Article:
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Using Apostrophes to Show Possession

Use an apostrophe to indicate that a noun is possessive.

Usually, possessive nouns indicate ownership.

Example:  The dog belongs to Bob. This is Bob's dog.

Sometimes, however, "ownership" is only loosely implied:

Example: I was fired after the long day's work.
Spanish is Rick's native language.
The tree's roots are making the sidewalk crack.

To know whether a noun is possessive, try putting it into an of phrase (it might not sound great, but it should make sense).

Examples: the dog of Bob; the work of a long day; the native language of Rick; the roots of the tree.


'S, s', s's?   which one should I use?  How can I know?

If the noun does not end in -s, add -'s. (This applies to both singular and plural nouns.)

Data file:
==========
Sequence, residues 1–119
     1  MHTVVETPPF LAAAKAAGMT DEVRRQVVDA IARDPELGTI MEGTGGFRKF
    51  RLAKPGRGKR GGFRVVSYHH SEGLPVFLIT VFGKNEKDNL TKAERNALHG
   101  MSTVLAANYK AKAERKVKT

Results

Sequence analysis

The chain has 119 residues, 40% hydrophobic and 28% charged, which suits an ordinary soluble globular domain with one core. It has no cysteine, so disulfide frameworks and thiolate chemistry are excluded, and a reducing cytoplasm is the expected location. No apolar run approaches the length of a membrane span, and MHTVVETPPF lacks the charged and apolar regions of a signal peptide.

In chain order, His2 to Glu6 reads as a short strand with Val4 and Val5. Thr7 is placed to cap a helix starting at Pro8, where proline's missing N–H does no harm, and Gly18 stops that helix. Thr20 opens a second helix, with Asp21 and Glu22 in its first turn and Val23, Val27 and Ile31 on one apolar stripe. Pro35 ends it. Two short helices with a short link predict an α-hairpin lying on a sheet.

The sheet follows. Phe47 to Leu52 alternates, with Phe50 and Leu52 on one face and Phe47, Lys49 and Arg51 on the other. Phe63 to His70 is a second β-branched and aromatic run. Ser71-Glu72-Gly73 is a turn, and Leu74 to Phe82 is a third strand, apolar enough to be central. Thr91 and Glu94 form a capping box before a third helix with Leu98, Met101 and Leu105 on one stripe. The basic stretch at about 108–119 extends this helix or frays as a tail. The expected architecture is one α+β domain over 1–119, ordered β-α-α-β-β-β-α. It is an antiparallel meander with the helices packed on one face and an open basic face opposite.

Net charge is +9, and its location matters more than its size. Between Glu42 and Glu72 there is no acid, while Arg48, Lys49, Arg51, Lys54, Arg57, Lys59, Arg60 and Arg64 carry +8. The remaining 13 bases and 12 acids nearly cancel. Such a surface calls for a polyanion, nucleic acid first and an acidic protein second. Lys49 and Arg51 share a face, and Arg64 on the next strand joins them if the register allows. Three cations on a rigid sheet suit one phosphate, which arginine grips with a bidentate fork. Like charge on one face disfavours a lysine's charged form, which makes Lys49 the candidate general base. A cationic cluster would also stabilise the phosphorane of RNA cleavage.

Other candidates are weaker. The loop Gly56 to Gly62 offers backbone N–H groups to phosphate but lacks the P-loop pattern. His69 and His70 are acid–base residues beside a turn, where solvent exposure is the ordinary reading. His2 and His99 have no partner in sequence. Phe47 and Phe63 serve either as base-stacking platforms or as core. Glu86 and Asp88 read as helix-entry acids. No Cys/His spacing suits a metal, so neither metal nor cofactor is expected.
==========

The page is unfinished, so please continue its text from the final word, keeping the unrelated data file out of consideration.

Example: Roy climbed out on the driver's side.
Thank you for refunding the children’s money.

If the noun is singular and ends in -s, add -'s.

Example: Louis’s sister spent last year in India.
The grass's healthy green color is fading because of the draught.

However, if pronunciation becomes awkward because of the added -'s, you can use just the apostrophe. Either use is acceptable.

Example: Moses' experiences are recounted in the Old Testament.
The Beatles' last live performance occurred on the roof of this building.

If the noun is plural and ends in -s, add only an apostrophe.

Example: The cats’ food dishes are missing.
The books’ covers are missing.







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